Now the CEO who signed off on using this “destructive process” (that would be Bill Gates) is considered a “visionary” leader in the education reform movement. And he and his billion dollar foundation are advocating for several other similarly adversarial assessment programs for teachers such as merit pay and “value added” rankings.

Assessment programs which continue to envision classrooms as discreet spaces sealed off from the rest of the world, and teachers as independent contractors whose work is the only influence on student achievement (aka test scores).

I’m certainly not the first person to make the connection between Microsoft’s stack ranking and Gates pushing the idea that teacher assessment should be a more competitive process. But that point needs to be repeated as often as possible.

The bottom line that Gates and others miss entirely in their efforts to “reform” education is that schools are not businesses and those corporate practices cannot, and should not, be applied to the process of teaching and learning.

Especially an evaluation system that has been a major contributing factor to screwing up what was at one time the most valuable company in the US.

1 Although, in all those many years, I’ve never actually bought a Microsoft product or anything containing one. I do have Windows and Office on my MacBook Pro but those licenses belong to my school system.

It’s Not Khan’s Fault

The Chronicle of Higher Education has an excellent critique of Khan Academy by one of the people who inspired the #mtt2k* mini meme now getting its 15 minutes on YouTube.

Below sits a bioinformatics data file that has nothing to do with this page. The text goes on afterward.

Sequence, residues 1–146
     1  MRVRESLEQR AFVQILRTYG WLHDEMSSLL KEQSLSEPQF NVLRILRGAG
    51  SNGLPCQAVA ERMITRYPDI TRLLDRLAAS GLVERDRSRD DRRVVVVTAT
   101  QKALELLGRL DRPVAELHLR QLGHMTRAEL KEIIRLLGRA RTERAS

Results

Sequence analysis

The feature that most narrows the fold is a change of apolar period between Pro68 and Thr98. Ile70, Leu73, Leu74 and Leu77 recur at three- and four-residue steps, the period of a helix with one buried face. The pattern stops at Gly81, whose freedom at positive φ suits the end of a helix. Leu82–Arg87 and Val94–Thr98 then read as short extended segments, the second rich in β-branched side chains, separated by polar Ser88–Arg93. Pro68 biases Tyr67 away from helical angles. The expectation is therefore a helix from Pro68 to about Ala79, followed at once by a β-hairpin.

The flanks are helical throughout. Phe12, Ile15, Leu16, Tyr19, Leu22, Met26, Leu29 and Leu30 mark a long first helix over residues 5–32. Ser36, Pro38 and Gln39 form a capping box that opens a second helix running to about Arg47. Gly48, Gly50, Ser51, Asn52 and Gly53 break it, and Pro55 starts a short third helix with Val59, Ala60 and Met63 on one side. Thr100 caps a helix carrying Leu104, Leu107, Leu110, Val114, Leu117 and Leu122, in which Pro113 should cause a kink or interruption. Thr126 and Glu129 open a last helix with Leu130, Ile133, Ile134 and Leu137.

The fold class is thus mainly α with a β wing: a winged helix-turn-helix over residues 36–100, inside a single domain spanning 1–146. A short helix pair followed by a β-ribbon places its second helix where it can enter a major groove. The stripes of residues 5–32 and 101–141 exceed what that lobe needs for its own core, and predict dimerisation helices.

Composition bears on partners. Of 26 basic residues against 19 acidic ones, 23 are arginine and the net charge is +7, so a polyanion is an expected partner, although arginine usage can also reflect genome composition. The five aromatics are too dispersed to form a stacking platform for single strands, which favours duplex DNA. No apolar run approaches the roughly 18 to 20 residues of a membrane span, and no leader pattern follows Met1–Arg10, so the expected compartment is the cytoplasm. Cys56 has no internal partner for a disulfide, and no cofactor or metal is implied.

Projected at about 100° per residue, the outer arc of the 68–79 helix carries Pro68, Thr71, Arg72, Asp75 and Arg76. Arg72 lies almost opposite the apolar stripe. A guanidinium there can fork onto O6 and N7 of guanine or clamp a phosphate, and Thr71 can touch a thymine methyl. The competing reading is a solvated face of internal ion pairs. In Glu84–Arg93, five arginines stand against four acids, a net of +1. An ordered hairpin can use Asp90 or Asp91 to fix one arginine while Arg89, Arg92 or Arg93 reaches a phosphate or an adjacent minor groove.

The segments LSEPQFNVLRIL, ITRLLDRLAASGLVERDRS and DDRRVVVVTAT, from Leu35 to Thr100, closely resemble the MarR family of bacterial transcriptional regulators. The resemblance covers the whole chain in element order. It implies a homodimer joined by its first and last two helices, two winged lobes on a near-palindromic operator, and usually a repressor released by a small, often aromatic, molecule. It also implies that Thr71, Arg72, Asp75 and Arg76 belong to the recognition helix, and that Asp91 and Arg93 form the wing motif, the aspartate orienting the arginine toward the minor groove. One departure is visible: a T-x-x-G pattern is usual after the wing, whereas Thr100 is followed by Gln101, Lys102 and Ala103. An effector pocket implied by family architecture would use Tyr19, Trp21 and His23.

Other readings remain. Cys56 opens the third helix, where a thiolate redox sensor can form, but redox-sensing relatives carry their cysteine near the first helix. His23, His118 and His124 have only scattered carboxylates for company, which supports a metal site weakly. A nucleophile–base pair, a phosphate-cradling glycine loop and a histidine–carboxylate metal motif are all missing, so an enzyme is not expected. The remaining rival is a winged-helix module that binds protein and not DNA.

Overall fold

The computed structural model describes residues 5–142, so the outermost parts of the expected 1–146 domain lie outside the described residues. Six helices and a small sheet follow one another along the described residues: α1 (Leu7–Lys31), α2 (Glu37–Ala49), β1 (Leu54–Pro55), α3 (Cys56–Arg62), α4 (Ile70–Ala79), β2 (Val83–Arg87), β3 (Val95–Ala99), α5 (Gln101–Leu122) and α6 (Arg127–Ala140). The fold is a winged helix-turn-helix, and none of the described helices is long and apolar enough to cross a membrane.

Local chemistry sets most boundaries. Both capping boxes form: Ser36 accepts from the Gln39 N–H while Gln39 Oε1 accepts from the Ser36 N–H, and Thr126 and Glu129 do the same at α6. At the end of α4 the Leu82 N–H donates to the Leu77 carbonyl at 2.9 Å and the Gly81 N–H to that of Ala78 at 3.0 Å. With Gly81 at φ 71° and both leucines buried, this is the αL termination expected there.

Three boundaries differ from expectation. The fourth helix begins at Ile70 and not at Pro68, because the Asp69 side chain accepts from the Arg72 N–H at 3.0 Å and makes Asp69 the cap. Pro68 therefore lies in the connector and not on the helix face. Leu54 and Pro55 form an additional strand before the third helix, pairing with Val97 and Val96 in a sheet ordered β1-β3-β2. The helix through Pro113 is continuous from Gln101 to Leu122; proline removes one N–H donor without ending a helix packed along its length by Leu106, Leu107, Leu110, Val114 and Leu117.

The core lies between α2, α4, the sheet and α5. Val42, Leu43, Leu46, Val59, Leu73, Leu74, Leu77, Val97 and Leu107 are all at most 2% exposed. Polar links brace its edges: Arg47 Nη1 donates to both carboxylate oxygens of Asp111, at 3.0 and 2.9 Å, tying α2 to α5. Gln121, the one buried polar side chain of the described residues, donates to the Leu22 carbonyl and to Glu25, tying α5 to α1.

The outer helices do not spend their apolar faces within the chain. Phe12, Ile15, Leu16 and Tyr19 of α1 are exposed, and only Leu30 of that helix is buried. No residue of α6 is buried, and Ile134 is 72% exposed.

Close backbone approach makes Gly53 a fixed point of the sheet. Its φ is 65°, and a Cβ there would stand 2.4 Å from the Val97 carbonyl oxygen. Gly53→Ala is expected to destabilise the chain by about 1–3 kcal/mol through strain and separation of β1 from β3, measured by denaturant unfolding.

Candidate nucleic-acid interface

If you're not a math ed geek, you probably haven't seen the video of two math professors watching one of the Khan videos and offering their comments a la the wonderful 90's cult classic Mystery Science Theater 3000 (look it up, kiddies). Although there are a few snarky remarks about the style, most of their criticism is directed to the pedagogy and mathematics. Dan Meyer has more details.

Anyway, the Chron article hits exactly my greatest problem with Khan Academy: not the quality of the videos, but the over-the-top reaction they get from some high profile education “experts”.

But let’s also be honest about what Khan Academy is not. Khan Academy is not a substitute for an actual course of study in mathematics. It is not a substitute for a live teacher. And it is not a coherent curriculum of study that engages students at all the cognitive levels at which they need to be engaged. It’s OK that it’s not these things. We don’t walk into a Mexican restaurant and fault it for not serving spaghetti. I don’t fault Khan Academy for not being a complete educational resource, because it wasn’t designed for that purpose. Again, Khan Academy is a great resource for the niche in which it was designed to work. But when you try to extend it out of that niche – as Bill Gates and others would very much like to do – all kinds of things go wrong.

One of those things going wrong is the reinforcement of the idea that learning math is all about mastering the process. That if a student just repeats a set of algorithms enough times, we can declared that they have “learned math”. Or whatever subject you like to substitute for “math”.

However, I think the best summary of this kind of video, lecture/tutorial, self-instruction approach to education is this:

Khan Academy is great for learning about lots of different subjects. But it’s not really adequate for learning those subjects on a level that really makes a difference in the world.

For that “makes a difference” kind of learning, students (of all ages) still need direct relationships with teachers, and others who don't necessarily carry that title, as well as an understanding of how to actually use the information.

* mtt2k = mystery teacher theater 2000